A Porcelain World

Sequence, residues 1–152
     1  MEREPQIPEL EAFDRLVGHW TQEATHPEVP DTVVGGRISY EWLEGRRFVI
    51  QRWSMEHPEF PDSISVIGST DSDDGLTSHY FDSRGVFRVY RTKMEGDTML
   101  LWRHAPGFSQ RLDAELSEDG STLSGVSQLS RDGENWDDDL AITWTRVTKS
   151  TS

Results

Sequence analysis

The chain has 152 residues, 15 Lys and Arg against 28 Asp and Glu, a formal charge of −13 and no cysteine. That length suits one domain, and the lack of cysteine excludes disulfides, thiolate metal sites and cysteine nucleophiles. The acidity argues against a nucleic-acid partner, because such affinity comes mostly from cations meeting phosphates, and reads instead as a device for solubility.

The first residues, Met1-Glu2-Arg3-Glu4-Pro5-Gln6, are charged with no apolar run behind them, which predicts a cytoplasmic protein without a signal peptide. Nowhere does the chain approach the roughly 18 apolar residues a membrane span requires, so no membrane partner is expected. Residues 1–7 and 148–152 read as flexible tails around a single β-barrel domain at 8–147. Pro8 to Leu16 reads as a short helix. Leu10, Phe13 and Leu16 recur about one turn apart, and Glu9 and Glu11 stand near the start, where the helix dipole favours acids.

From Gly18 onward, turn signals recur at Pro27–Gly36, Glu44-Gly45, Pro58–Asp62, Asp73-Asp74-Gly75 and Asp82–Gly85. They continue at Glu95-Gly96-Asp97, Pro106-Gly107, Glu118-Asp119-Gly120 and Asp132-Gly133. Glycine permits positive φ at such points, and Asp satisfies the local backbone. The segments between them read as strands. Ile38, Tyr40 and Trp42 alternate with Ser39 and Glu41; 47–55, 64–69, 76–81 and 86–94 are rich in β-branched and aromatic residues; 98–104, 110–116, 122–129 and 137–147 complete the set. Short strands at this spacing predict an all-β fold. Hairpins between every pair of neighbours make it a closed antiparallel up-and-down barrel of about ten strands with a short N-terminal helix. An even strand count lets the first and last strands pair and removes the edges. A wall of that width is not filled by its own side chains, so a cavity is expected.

Sketches Come to Life in These Ceramic Sculptures They look like ink drawings that have outgrown the page and walked into our own 3-dimensional world. London-based artist Katharine Morling’s enchanting porcelain sculptures are pleasing in their immediacy and enshrine a sort of childlike wonder. In September Katharine will, for the first time, be presenting her new installation Garden’s Edge alongside her older body of work, Stilted Life at the Shipley Art Gallery. 1 2 3 “My work is very driven by my own personal narrative,” she tells us. “For example ‘A Stitch in Time’ is about my childhood memory of getting a wicker basket that I then turned into a sewing case, which led to hours of making and creativity. As I was making this piece I decided to put a rabbit in the basket, for me this is adding the element of surprise and delight, but for others this enables them to look at the work and overlay their own memories and fantasies of what this piece means to them.” Katharine invited us in to her porcelain world for a chat. The Plus: Can you tell us a little bit about your artistic background? Katharine Morling: I started training in art therapy but felt I hadn’t developed myself enough to be an art therapist – you need to understand your own practice first. So I started studying ceramics. The first ceramics I made were highly glazed, very decorative majolica type wares which were a bit traditional really. I wasn’t very happy with them as I felt they were steeped in history and constricted by the rules about ceramics I had picked up at college. They didn’t really represent me as a person and the way people thought about them – seeing them as something fun and playful – was not really how I thought of myself as an artist. So I went to the RCA [in 2007 to do an MA in Glass and Ceramics] and my work completely changed as I started doing my black and white pieces. I feel that now my work has a darker element to it and I’ve got a much clearer artistic voice – although I’ve still got a long way to go. 5 TP: How would you describe your work? KM: My work can be described as 3-dimensional drawings, in the medium of ceramics, primarily using porcelain with black stain. Each piece, on the surface, an inanimate object, has been given layers of emotion and embedded with stories, which are open for interpretation in the viewer’s mind. TP: Any plans for the future? KM: I want to open a ceramic arts centre which will have my studio in. The studio will also have a focus on art therapy and run workshops and classes. 4 6 7

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